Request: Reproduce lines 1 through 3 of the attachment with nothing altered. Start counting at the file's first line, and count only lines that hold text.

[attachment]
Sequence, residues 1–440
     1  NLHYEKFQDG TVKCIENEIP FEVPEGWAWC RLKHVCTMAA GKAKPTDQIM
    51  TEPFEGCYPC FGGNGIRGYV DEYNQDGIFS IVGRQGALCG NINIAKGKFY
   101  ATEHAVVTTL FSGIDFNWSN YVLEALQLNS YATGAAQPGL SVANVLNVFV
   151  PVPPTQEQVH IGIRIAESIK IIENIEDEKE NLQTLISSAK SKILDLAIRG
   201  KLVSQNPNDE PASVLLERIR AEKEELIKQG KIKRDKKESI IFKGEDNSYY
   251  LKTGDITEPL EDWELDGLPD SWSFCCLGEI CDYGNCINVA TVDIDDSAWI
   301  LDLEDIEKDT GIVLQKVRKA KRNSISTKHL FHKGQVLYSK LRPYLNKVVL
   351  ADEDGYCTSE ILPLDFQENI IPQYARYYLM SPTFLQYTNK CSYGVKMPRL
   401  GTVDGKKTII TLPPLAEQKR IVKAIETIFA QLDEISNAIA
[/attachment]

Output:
Sequence, residues 1–440
     1  NLHYEKFQDG TVKCIENEIP FEVPEGWAWC RLKHVCTMAA GKAKPTDQIM
    51  TEPFEGCYPC FGGNGIRGYV DEYNQDGIFS IVGRQGALCG NINIAKGKFY